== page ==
Cue a massive sigh of relief from me. I definitely won't be waking myself up at ungodly hours in order to remember my dreams more often, but at least I can rest easy knowing they're happening when they ought to be. I'll probably continue missing out on all those group conversations about the dreams people had the night before — but I'm thankfully not missing out on dreaming, period. Don't forget to follow Allure on Instagram and Twitter. Celebrity Fashion Video. Baird thinks one especially intriguing application for lucid dreaming might be in art.

The same can be done analogously for hearing musical scores. By studying individuals who are able to recall what happened to them in their dreams, these researchers can correlate what cognitive processes are occurring in the mind while brain and physiological activity is being measured and observed. For example, how does the brain perceive specific objects or physical tasks taking place solely in the mind? How does it emulate parts of consciousness without actually being fully conscious? Some researchers, like Martin Dresler , a cognitive neuroscientist at Radboud University in the Netherlands, suggest lucid dreaming could even be used to combat clinical disorders like recurring nightmares or PTSD.

Why do we dream? Freud thought dreams were our subconscious showing us our repressed wishes. Some evolutionary biologists believe dreaming evolved so we could play out threatening scenarios from real life and figure out how to react appropriately. Harvard psychiatrist Allan Hobson thought dreaming was how the brain reconciled what different layers of consciousness had absorbed throughout the day. But while dreaming itself is a robust topic of interest among researchers, lucid dreaming has historically been relegated to the fringes. Scattered anecdotal evidence of lucid dreaming would come up infrequently in scientific literature over the next two millennia, but more as a curiosity than a real scientific inquiry.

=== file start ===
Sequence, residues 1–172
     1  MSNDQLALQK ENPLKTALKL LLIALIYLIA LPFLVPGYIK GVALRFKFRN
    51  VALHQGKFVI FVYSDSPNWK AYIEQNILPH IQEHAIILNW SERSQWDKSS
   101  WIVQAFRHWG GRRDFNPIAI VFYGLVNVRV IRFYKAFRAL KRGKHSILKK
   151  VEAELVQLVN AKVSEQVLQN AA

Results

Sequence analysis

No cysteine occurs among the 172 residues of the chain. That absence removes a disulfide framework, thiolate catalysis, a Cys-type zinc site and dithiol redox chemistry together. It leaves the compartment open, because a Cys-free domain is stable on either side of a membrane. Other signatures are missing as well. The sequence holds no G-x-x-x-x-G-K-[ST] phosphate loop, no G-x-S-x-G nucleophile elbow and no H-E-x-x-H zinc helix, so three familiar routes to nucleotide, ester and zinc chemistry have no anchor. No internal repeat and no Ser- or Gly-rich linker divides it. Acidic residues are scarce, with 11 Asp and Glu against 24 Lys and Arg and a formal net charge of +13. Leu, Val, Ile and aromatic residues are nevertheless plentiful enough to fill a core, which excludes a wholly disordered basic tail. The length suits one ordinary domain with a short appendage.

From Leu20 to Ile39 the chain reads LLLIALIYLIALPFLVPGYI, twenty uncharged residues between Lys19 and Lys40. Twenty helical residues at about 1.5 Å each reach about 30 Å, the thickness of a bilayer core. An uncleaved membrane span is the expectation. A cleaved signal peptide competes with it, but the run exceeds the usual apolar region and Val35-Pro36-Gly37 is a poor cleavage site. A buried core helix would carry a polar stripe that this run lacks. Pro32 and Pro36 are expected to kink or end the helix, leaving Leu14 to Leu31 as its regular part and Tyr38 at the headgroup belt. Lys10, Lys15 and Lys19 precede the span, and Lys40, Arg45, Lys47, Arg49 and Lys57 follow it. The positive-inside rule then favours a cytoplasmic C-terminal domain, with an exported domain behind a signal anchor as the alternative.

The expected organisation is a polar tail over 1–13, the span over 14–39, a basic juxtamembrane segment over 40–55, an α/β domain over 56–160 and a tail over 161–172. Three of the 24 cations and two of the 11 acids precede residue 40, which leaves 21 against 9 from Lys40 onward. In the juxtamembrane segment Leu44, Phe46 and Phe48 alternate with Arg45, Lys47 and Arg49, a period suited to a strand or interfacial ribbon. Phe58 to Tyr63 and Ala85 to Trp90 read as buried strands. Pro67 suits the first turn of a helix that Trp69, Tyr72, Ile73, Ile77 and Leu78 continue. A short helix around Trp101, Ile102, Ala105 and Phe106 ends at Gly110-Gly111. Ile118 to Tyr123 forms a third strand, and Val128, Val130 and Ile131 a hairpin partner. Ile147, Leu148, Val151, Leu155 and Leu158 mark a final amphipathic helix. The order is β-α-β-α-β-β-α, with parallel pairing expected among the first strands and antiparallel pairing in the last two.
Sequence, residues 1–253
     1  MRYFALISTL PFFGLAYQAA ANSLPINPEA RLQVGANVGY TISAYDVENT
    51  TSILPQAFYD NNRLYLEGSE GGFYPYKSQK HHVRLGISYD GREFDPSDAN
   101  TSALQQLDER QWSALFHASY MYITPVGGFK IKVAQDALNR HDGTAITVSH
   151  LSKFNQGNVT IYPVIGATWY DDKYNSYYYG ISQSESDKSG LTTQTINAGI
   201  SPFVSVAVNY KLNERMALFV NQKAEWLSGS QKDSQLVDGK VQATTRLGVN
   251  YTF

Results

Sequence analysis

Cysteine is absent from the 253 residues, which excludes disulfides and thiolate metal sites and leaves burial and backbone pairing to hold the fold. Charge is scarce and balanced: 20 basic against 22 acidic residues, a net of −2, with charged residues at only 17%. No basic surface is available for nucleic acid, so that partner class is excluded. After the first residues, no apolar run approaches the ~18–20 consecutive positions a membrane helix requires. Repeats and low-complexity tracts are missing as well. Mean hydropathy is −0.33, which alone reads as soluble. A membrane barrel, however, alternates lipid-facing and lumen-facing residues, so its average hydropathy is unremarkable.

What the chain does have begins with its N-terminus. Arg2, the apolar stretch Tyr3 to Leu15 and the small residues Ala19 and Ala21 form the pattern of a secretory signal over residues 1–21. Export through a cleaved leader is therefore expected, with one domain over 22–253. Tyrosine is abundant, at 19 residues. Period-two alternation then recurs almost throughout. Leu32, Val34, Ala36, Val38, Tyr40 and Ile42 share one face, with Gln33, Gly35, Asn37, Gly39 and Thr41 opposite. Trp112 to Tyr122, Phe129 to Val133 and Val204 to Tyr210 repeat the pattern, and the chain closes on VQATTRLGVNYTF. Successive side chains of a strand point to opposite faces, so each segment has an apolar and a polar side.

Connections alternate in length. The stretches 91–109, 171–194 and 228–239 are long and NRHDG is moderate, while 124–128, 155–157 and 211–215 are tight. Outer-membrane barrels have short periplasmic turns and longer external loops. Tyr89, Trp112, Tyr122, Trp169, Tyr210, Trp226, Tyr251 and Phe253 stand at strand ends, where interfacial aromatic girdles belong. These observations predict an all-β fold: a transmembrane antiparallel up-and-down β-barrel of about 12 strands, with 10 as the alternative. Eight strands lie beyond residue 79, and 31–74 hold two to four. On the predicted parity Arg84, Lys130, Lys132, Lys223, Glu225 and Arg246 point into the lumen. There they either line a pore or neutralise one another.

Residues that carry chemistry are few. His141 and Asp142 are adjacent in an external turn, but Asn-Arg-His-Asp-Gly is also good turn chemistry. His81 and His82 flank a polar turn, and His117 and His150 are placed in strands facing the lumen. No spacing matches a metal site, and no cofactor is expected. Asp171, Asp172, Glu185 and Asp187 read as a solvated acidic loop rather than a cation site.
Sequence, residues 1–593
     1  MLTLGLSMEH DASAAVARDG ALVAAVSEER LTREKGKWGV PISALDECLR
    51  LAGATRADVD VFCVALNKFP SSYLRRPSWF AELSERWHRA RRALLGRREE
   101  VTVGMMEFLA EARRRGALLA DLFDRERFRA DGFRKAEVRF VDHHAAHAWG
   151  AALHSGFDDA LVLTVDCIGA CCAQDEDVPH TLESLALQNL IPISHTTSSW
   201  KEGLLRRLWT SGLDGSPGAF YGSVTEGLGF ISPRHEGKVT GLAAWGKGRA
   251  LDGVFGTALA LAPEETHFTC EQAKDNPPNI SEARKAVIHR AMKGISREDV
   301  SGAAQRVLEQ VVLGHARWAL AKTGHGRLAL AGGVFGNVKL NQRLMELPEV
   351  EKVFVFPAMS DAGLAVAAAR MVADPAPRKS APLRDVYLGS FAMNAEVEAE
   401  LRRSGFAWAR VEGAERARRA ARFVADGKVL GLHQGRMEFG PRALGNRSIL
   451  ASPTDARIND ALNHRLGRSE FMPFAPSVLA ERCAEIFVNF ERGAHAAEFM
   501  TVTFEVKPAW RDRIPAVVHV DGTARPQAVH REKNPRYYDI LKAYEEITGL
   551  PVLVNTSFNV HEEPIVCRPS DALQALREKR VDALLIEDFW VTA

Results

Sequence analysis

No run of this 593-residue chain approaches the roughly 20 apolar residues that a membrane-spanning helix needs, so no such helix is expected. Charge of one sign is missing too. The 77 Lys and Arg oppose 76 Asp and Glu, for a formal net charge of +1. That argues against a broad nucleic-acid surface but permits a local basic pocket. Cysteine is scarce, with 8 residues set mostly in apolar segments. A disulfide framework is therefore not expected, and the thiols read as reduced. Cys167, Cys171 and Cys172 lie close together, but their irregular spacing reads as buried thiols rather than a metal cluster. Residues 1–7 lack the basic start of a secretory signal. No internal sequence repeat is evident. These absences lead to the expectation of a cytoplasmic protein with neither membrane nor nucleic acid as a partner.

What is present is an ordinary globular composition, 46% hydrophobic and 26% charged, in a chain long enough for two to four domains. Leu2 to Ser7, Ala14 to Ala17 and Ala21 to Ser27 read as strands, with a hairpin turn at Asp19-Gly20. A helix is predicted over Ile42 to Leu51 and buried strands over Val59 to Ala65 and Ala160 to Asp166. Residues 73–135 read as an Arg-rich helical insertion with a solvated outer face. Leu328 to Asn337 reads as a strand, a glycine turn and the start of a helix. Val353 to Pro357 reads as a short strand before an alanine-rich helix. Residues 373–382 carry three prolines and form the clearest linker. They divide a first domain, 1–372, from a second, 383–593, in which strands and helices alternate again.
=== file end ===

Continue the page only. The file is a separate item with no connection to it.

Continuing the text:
The results showed that lucid dreamers were not just in control of their dreamscape but could execute decisions that had been outlined while they were awake. Eye movements are now the gold-standard technique researchers use to objectively verify a lucid dream state in the lab. Perhaps the biggest breakthrough in recent years was a February study that proved lucid dreamers could conduct two-way communication with people who were awake. The participants would respond with specific eye movements. The researchers were, effectively, having a conversation with somebody who was asleep. The painful truth is that lucid dreaming is poorly understood because so little research has been done—which is partly because consistent lucid dreamers are quite rare, and even more difficult to snag for a lab study.

LaBerge, the closest thing to the godfather of the field, pinned down some of its common biological traits—that it occurs in the later stages of REM sleep when rapid eye movement peaks, for example. People also experienced higher respiration and heart rates during lucid dreaming than normal dreaming, suggesting that the dreamers were in a more active state. Dresler, the Dutch neuroscientist, spearheaded the only fMRI study of lucid dreaming to date in , with a single subject. He also worked on research in showing that people who are frequent lucid dreamers have more gray matter located in the frontal polar cortices.

Before you can have a lucid dream, you need to be more conscious about your dreams generally. Keep a dream journal and fill it out as soon as you wake up. Write down in detail every- thing you remember. Baird and others suggest that mindfulness—having increased awareness of the present moment—is key to lucid dreaming. Keeping your desire to have a lucid dream at the forefront of your mind as you drift off may help.